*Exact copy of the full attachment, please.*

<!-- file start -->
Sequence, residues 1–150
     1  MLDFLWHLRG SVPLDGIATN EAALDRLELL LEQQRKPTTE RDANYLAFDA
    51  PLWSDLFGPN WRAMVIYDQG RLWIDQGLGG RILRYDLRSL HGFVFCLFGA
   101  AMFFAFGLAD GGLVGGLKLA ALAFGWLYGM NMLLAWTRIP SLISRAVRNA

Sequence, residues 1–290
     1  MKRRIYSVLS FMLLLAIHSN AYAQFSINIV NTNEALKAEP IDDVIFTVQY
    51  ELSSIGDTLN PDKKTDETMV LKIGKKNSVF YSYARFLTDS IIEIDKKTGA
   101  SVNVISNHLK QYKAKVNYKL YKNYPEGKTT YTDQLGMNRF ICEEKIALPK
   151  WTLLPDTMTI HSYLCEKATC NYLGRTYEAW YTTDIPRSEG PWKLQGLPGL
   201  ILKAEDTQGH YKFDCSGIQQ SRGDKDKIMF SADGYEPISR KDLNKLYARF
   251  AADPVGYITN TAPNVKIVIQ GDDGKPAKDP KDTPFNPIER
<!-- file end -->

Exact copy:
Sequence, residues 1–150
     1  MLDFLWHLRG SVPLDGIATN EAALDRLELL LEQQRKPTTE RDANYLAFDA
    51  PLWSDLFGPN WRAMVIYDQG RLWIDQGLGG RILRYDLRSL HGFVFCLFGA
   101  AMFFAFGLAD GGLVGGLKLA ALAFGWLYGM NMLLAWTRIP SLISRAVRNA

Sequence, residues 1–290
     1  MKRRIYSVLS FMLLLAIHSN AYAQFSINIV NTNEALKAEP IDDVIFTVQY
    51  ELSSIGDTLN PDKKTDETMV LKIGKKNSVF YSYARFLTDS IIEIDKKTGA
   101  SVNVISNHLK QYKAKVNYKL YKNYPEGKTT YTDQLGMNRF ICEEKIALPK
   151  WTLLPDTMTI HSYLCEKATC NYLGRTYEAW YTTDIPRSEG PWKLQGLPGL
   201  ILKAEDTQGH YKFDCSGIQQ SRGDKDKIMF SADGYEPISR KDLNKLYARF
   251  AADPVGYITN TAPNVKIVIQ GDDGKPAKDP KDTPFNPIER